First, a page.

After this, 'Curtains' for Kander & Ebb on B'way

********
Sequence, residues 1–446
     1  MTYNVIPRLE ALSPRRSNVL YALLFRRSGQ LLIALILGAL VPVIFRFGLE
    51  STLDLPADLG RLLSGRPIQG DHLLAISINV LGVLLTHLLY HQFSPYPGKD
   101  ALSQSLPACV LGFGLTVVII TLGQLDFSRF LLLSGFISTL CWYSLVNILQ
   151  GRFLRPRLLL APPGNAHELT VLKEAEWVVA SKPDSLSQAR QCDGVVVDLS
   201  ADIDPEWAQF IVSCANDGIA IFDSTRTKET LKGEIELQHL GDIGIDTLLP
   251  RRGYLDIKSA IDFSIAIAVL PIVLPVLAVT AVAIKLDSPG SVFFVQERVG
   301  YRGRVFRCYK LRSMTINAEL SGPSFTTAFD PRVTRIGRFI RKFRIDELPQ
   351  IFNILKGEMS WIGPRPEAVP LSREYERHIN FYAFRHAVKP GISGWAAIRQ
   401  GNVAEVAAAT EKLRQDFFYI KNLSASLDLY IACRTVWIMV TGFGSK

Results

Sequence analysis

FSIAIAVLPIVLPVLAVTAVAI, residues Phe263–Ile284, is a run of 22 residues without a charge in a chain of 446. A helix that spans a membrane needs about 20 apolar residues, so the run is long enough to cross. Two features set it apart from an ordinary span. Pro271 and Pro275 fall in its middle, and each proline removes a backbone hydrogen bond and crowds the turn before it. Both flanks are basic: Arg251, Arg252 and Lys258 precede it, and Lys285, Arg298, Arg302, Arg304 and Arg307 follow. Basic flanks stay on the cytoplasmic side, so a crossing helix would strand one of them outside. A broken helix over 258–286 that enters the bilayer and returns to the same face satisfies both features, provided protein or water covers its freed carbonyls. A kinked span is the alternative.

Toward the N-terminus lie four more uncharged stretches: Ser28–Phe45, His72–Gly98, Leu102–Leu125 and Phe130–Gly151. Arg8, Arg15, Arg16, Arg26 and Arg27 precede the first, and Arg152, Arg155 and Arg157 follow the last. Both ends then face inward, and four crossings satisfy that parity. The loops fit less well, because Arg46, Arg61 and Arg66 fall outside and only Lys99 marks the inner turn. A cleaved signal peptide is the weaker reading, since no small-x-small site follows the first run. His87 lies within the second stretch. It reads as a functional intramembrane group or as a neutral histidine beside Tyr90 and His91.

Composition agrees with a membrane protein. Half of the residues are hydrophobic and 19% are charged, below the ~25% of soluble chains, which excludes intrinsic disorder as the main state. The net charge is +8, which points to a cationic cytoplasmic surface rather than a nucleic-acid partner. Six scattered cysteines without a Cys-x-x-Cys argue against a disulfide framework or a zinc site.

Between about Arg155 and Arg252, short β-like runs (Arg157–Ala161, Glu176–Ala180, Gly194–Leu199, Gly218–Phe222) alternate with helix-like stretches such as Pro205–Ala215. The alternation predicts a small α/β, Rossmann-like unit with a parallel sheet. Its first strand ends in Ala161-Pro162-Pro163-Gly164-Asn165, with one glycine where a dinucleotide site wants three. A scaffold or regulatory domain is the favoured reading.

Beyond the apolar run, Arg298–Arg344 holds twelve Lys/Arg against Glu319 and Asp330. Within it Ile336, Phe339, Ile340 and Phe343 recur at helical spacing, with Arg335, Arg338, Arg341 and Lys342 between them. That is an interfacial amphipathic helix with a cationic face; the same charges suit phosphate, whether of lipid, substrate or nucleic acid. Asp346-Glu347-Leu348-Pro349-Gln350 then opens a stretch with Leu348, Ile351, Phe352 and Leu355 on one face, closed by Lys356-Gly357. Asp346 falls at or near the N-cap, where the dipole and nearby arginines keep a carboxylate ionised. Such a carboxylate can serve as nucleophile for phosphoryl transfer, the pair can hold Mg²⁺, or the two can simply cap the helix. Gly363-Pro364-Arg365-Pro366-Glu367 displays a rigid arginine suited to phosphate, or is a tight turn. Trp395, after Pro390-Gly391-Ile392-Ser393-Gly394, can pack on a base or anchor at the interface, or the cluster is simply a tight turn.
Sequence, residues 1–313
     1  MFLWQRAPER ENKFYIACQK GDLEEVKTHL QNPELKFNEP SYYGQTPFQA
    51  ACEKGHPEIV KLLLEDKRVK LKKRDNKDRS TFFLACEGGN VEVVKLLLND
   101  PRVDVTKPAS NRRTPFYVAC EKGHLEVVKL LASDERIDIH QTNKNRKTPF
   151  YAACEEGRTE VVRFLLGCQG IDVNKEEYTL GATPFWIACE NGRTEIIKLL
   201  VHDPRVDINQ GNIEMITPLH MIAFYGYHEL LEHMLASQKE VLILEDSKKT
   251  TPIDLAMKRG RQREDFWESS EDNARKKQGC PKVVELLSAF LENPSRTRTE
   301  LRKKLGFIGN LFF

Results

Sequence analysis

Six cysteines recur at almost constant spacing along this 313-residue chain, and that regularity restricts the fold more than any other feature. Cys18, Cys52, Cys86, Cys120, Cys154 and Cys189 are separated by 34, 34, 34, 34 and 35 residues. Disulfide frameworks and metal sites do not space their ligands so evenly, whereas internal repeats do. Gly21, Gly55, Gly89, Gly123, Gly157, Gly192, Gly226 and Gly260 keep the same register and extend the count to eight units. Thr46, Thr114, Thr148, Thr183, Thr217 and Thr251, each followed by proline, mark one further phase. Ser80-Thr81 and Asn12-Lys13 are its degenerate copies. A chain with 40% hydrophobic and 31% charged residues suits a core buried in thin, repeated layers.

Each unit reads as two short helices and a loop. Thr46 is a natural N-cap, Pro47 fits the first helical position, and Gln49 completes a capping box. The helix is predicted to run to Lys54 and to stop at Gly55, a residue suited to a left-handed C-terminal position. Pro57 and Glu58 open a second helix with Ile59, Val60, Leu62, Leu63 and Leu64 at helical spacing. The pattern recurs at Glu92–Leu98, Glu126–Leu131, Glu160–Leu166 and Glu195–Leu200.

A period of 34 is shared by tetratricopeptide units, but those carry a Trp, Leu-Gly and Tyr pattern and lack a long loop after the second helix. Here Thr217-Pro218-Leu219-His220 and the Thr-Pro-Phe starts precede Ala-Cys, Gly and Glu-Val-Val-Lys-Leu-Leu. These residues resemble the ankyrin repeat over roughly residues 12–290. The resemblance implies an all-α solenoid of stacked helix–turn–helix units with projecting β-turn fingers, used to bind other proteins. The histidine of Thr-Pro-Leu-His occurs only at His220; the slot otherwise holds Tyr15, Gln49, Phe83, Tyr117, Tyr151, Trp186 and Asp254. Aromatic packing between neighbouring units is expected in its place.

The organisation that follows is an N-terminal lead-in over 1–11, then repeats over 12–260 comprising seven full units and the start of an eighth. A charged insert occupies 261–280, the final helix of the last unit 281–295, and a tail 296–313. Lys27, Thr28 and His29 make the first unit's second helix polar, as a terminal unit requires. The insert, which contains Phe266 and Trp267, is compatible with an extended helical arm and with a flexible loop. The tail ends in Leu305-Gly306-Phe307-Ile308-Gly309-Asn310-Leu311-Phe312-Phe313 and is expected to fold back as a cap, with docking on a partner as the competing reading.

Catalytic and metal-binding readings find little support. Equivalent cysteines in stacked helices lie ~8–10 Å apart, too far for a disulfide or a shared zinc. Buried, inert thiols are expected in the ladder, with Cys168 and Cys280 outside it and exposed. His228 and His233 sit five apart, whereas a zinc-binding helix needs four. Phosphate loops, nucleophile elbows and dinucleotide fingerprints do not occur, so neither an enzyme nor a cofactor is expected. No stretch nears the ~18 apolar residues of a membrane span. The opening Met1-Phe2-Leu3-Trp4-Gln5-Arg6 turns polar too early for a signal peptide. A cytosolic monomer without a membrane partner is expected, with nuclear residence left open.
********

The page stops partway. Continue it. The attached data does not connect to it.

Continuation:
This is the week "Curtains" makes its Broadway debut, following its world premiere in August at the Ahmanson in Los Angeles. It bows Thursday at the Al Hirschfeld Theatre, with Scott Ellis directing and David Hyde Pierce solving a murder between musical numbers and funny zingers in the last new Kander & Ebb musical we'll ever see on the Great White Way. … Prevues began Monday night at the Lyceum on the revival of "Inherit the Wind" with Christopher Plummer, Brian Dennehy and Denis O'Hare, directed by Doug Hughes. It officially opens April 12. … Tonight, off-Broadway gets a lift with the premiere of Charles Busch's new play, "Our Leading Lady," for the Manhattan Theatre Club at City Center, with Kate Mulgrew as Laura Keene, the 19th century stage diva who was starring in "Our American Cousin" at Ford's Theatre in D.C. the night Abraham Lincoln made his last visit to a theater. We all know what happened to Abe; Busch speculates what happened to Ms. Keene. Maxwell Caulfield and Barbara Byrne are also in the cast, with Lynne Meadow directing. … So many people who have contributed to the multilayered history of the film business have died of late, each deserving recognition of their talent and time in front of movie cameras, but few more so than the multitalented Betty Hutton, who died March 11 after a life of amazing highs and horrific lows. One hopes that the dear, complicated, loyal, needy, sometimes frightening but always oh-so-vulnerable lady has now finally found some peace. The Betty Hutton I knew was adorable, someone I admired enormously. Many who knew her much better than I feel the same about her, with even stronger reasons for doing so. But some who worked with her in the 1940s and '50s — when the name Betty Hutton was known around the world and she ranked as the most important female star at Paramount — remember her as something akin to a nightmare. (When Paramount's chief designer Edith Head was told Hutton was leaving the studio in 1962, she said, "Oh, now I won't have to cry anymore.") But there were reasons for the Jekyll-and-Hyde personality that often surfaced, including a complicated childhood worse than the one Dickens gave either David Copperfield or Oliver Twist. There was also her relentless desire to entertain, mixed with the usual foibles of show business: unstable marriages (one husband persuaded her to refuse to work unless he directed all her films); an addiction to pills; and, maybe worst of all, a mentor named Buddy DeSylva, who became a major force at Paramount and made her a star (the good part) but never curtailed her behavior when she ran roughshod over crews and co-workers (the disastrous part) because she always made such pots of money for his studio. DeSylva died suddenly in 1950, and within two years, so, basically, did her film career. But Betty was a gallant survivor. She eventually pulled herself together as best she could, embracing religion and coming to grips with the jolting fact that though she had once been famous and beloved, by the 2000s most people had never heard of her. But her great desire to be loved, especially by audiences, never left her. I think she would be amazed to know how many out there still feel the same way about her.